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Being an Investor in a Trader's Market

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Opportunities still exist. Here's how to spot them.

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I've received hundreds of emails from readers with questions regarding establishing long-term core positions at a low-cost basis from which to trade, as well as methods to build upon them during the recent market pullback.

The following email exemplifies the type of questions I've received regarding this approach:

Hi Carl,

The talking heads seem to [be] touting this as the one that will reverse the current rally we have been experiencing.

When I look out to the weekly charts I see many stocks at support at either the 20 or the 50 sma/ema. Your thoughts would be very much appreciated.

I had been concentrating on building core positions at a low cost basis so I could build around those on a pullback, which I think we have at this juncture. Do you think my judgment is flawed, and should I be positioning for further downside or begin scaling in to stocks at recent price levels?

Tim

I agree that not only the market indices but also numerous sectors and individual stocks are bumping against resistance or sitting right at support levels; many are at key moving averages. As you recall, I'm not a buy-and-forget investor, but an active manager of longer-term positions in my growth portfolios.

As an income and retirement investor, the growth portfolio complements my income holdings, and is one method I use to provide inflation protection. Core holdings provide cost support insofar as they allow me to build positions at a lower cost basis from which to trade with the core underlying position.

For example, the recent March lows provided excellent opportunities to establish and add to core holdings. Without having to time the market, I was able to buy at multi-year lows and sell into the strength the market presented as it channeled to highs near 956 on the S&P 500.

On May 13, I posted the chart below cautioning I'd reached the upper end of the channel and the 200-day market value adjustment (MVA) loomed just above around 952. I cautioned readers to be ready for some profit-taking around that level.


Click to enlarge.


As the chart below illustrates, Mr. Market obliged, pulling back to the lower end of the channel around 878 on the S&P. It then held the 875 level through the rest of May in an 880-920 trading range -- with some very high volatility -- before running through 940 and establishing the recent high at 956.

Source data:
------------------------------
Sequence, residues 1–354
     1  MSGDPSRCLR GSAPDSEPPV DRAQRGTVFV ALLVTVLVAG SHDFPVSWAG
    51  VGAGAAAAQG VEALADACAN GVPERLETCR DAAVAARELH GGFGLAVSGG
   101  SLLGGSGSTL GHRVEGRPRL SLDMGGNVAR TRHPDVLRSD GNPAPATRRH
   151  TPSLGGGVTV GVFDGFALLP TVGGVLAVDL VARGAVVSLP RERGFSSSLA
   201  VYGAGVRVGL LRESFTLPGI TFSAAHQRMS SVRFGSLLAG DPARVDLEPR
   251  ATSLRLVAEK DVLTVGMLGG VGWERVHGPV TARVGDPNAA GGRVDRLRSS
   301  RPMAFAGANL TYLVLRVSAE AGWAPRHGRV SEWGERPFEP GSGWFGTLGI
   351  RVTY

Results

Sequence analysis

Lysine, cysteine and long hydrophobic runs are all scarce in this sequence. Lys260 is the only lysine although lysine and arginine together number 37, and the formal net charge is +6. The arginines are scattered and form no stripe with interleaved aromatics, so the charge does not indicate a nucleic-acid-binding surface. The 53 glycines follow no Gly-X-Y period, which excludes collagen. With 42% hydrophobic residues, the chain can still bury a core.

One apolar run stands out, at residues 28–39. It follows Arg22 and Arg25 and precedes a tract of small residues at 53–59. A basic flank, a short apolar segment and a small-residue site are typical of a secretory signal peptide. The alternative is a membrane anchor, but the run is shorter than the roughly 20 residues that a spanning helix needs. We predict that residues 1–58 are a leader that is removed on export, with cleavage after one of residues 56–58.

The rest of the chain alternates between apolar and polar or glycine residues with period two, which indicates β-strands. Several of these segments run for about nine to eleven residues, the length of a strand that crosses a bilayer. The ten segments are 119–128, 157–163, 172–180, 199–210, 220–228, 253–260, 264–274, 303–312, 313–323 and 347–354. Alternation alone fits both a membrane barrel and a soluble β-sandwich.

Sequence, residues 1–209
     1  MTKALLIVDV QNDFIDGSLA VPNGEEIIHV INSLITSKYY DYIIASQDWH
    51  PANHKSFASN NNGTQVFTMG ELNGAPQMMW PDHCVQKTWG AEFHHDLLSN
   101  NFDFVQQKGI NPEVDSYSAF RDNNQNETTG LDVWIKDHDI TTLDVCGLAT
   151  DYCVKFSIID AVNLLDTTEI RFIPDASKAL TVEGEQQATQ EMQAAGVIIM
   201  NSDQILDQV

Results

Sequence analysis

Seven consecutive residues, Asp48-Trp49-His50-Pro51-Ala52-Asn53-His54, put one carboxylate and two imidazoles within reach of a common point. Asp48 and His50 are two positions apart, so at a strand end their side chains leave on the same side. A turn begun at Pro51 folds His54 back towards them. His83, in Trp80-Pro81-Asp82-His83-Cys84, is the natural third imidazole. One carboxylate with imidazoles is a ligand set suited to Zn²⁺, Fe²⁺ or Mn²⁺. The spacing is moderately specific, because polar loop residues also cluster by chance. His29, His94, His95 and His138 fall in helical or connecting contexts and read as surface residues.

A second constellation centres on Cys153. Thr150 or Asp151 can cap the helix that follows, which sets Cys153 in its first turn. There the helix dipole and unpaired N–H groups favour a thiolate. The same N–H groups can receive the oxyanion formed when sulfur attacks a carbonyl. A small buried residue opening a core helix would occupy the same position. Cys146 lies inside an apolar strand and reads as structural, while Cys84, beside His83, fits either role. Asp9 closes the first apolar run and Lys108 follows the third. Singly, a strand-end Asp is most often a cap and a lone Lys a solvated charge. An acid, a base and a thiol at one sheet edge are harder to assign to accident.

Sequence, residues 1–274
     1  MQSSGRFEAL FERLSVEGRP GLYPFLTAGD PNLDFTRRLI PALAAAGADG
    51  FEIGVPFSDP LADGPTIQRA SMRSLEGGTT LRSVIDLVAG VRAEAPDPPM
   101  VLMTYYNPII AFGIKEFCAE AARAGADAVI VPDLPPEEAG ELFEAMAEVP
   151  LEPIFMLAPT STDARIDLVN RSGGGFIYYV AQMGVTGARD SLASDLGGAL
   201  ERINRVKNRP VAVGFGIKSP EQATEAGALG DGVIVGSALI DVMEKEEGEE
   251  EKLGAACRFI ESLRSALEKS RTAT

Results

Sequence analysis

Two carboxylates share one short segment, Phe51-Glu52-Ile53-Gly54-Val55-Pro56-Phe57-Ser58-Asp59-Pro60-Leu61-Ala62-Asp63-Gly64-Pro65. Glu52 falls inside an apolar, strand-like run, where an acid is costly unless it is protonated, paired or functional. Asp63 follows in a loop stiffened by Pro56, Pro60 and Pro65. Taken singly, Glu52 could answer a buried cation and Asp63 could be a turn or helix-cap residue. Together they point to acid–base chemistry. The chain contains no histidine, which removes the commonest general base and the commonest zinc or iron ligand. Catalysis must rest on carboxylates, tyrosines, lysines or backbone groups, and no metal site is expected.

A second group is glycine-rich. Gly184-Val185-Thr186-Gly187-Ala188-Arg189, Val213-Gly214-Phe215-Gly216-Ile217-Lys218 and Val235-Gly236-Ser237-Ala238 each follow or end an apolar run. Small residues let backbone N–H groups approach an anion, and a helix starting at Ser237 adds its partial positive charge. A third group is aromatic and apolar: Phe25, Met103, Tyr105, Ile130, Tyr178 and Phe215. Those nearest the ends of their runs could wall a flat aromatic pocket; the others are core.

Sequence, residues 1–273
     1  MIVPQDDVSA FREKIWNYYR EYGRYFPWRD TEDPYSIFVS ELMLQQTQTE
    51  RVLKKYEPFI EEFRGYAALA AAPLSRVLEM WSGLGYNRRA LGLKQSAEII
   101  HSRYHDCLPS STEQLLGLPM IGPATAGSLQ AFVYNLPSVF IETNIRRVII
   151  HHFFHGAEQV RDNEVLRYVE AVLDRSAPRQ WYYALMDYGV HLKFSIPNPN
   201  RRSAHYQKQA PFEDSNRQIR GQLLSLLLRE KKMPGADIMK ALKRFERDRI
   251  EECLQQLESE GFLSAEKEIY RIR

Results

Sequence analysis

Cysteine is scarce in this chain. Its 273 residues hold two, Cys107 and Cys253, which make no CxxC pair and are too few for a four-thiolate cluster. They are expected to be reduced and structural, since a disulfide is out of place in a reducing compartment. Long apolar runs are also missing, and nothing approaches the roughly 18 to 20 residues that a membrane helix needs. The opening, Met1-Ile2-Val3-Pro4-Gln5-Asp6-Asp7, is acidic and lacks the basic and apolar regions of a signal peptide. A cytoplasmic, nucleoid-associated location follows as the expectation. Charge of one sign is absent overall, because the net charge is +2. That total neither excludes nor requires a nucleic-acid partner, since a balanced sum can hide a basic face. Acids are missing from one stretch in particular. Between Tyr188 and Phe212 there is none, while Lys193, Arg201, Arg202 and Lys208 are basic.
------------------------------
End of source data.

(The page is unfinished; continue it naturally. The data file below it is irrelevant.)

Click to enlarge.


Notice how the index spent the first 2 weeks of June attempting to close above the 950 level -- without success. Also note how 950 has become substantial upside resistance. At this point, the 20-day MVA is also providing short-term resistance.

Technically, much has been made of the "golden cross" formation as the 50-day moving average (MA) has moved up through the 200-day MA. Be it an index or a stock, I have personally found this to be of little historic significance, though the distance a stock has moved relative to these averages has proven to be important in determining advantageous entry and exit points. Otherwise, the crossing of the 2 MAs is of little predictive value, particularly when the 200-day MA is in the process of moving lower -- and would move still lower, should the market significantly correct.

More importantly, as we approach quarter's end, the market is up 16% for the period and up over 24% for the past 4 months. Following the volume spike that occurred on May 8, the market was up over 40% from the March lows. The question now is where to go and what to watch for from here.

While technical analysis (TA) illustrates the market, it's the fundamental indicators (FEI) that define the market. I believe the current market setup and overall market environment is a perfect example of that distinction. At this point in the market cycle, the trend is being determined by the actions of the Federal Reserve and their continued commitment to quantitative easing.

As a result, sector allocations, diversification, and rotations are subjected to the Fed's impact upon the dollar and the perception of global recovery. Weak dollar plays and potential inflationary pressures are evident daily as sector rotations swing between materials, copper, commodities, agricultural chemicals-fertilizers, and the defensive eat-it-drink-it-smoke it, biotech, big-cap pharma, retail cohorts.

Tech, it would appear, has managed to once again create its own bull market and effectively construct a rotation within the sector based upon news flow, new product introduction, and anecdotal stories on subjects ranging from Steve Jobs' health to 3G (AAPL) phone preferences. The sector's a very volatile beta ride, at best.

While the trading range remains intact, the action is in the trading and rotation of these sectors. While it has been and remains a "trader's market," opportunity still exists for investors: By establishing and building upon long-term core positions as rotations move from overbought to oversold, profits can still be made. The recent volatility in the fertilizer stocks is an excellent example.